Florida business owners will enter into contracts frequently as part of operations and dealing with partners, and many of these arrangements are worked out via an oral agreement. However, Florida’s statute of fraud provides that certain arrangements are unenforceable unless memorialized by a document. Examples include those covering real estate, long-term agreements and leases, and contracts for the sale of goods in excess of $500. When it is commonplace in certain industries that a transaction will require writing, many companies rely on forms that include boilerplate provisions.
As a result, there is a good chance that you will either be presented with a contract containing boilerplate – or must craft one to suit your business objectives. It is wise to rely on a Dunedin contracts lawyer for assistance with review and document preparation, but there are a few basic points to know about boilerplate language.
How Boilerplate Clauses Work
With certain business agreements, some details will always apply to the arrangement and remain the same with every transaction. These boilerplate provisions are the standardized “fine print”, typically included at the end of the contract and often overlooked. Other than filling in some blank lines on key terms and adding the signatures of the parties, the same contract can be used repeatedly.
However convenient they may seem, boilerplate provisions tend to favor the party that created them. In the business-to-consumer environment, courts may not enforce extremely one-sided clauses that benefit a large corporation. In the business-to-business world, the assumption is that sophisticated entities will properly protect their interests – so boilerplate could have a significant impact.
Common Boilerplate Provisions in Business Contracts
You are probably already familiar with some of the frequently used boilerplate provisions, including:
- Indemnification clauses, which establish duties regarding third-party litigation or claims;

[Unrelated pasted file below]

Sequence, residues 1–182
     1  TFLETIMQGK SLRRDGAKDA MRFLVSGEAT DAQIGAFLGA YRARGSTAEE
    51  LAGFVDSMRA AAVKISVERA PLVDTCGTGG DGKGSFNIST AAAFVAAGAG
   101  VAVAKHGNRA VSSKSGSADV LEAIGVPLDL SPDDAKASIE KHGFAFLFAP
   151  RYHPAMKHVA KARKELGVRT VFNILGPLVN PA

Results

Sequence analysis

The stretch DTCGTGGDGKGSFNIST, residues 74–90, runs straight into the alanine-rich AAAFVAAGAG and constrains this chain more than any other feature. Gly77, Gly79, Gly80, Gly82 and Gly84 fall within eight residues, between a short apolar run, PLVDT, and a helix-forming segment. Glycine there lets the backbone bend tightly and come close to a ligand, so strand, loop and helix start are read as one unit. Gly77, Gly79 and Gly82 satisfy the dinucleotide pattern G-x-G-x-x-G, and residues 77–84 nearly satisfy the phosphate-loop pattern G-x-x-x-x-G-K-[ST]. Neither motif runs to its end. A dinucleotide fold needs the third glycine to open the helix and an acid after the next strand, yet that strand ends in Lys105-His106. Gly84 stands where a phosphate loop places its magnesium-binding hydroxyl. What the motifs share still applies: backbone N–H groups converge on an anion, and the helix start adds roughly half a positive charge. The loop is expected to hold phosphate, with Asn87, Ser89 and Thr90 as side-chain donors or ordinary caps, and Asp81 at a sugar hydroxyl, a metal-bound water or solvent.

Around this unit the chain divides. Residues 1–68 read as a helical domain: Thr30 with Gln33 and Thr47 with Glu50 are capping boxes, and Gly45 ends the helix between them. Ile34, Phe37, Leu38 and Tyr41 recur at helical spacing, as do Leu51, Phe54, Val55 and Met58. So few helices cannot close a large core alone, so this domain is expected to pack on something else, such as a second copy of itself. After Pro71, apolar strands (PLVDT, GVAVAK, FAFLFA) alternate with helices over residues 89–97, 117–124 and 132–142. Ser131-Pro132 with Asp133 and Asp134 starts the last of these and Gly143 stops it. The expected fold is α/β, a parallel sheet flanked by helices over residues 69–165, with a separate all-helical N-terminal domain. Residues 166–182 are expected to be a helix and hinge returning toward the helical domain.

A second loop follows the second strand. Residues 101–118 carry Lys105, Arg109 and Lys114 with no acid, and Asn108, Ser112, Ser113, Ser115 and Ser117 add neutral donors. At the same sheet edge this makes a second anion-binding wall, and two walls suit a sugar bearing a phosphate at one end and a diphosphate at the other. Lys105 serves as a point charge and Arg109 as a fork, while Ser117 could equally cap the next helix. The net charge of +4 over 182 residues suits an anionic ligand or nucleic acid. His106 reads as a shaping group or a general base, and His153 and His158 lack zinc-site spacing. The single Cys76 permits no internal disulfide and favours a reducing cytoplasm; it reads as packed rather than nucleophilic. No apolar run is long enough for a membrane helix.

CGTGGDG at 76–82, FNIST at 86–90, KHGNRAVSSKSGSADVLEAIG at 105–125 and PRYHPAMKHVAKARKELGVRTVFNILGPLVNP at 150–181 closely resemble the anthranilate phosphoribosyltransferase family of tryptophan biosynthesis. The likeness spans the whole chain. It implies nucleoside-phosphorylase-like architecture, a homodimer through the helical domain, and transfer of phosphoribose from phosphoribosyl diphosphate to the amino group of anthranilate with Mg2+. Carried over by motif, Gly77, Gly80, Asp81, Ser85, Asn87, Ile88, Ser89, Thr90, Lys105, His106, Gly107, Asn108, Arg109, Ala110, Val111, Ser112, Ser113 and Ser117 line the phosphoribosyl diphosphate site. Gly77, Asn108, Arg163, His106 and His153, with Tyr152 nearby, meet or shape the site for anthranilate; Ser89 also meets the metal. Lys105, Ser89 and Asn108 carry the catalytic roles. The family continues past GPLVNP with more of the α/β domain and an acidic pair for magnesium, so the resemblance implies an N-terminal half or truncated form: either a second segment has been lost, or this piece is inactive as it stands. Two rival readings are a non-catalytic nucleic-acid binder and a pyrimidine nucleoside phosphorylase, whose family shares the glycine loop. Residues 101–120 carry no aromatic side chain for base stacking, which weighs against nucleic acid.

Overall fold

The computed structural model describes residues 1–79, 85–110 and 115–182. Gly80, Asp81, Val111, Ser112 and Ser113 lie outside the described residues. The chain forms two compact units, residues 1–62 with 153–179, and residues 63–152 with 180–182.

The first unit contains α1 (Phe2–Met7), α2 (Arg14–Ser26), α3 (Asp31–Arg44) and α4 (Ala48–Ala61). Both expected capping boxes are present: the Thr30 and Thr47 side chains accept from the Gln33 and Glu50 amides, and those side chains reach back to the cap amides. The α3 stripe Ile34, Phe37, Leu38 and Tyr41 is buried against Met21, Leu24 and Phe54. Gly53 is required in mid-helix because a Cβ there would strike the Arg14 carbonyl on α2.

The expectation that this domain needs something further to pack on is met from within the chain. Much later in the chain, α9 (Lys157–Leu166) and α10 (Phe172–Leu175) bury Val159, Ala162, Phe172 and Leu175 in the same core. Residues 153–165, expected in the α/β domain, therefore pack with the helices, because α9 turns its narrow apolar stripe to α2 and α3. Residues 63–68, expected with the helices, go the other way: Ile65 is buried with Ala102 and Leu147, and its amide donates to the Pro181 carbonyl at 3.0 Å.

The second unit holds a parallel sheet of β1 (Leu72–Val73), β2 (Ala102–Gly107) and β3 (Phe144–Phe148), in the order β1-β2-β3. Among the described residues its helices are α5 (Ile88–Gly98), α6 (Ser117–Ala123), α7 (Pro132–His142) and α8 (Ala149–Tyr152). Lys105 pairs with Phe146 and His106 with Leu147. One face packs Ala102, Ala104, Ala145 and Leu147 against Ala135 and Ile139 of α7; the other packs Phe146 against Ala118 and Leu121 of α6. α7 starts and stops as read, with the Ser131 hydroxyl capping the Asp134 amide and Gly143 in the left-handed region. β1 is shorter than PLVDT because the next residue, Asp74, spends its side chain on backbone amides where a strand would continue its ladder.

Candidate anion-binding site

- Choice of law language that designates which jurisdiction’s legal rules apply;
- Provisions that require arbitration as a means of alternative dispute resolution to avoid litigation;
- Confidentiality clauses that prohibit the parties from sharing information related to the agreement; and
- Limitations on damages, such as restrictions on the amount that can be recovered AND the type of relief – i.e., monetary damages and/or equitable relief.
Options for Negotiating and Modifying
Many business owners assume these clauses are standard and non-negotiable, but there are alternatives to fully accepting a boilerplate provision. You could give up important rights or be forced into obligations you did not expect, which is why you should have a Florida business lawyer review before signing. It may be possible to negotiate modifications that more accurately reflect the nature of the business relationship.
Speak to a Dunedin Business Law Attorney About Contract Disputes
While an overview of boilerplate provisions is helpful, you should retain experienced representation for assistance with reviewing and creating important agreements. Our Florida contracts lawyers at Clearwater Business Law can advise you on the details, so please contact our firm at (727) 785-5100 to set up a consultation. Our team is proud to serve clients throughout Pinellas County including: Clearwater, Tarpon Springs, Oldsmar, St. Petersburg, Palm Harbor, Dunedin, Largo and New Port Richey. We look forward to your call.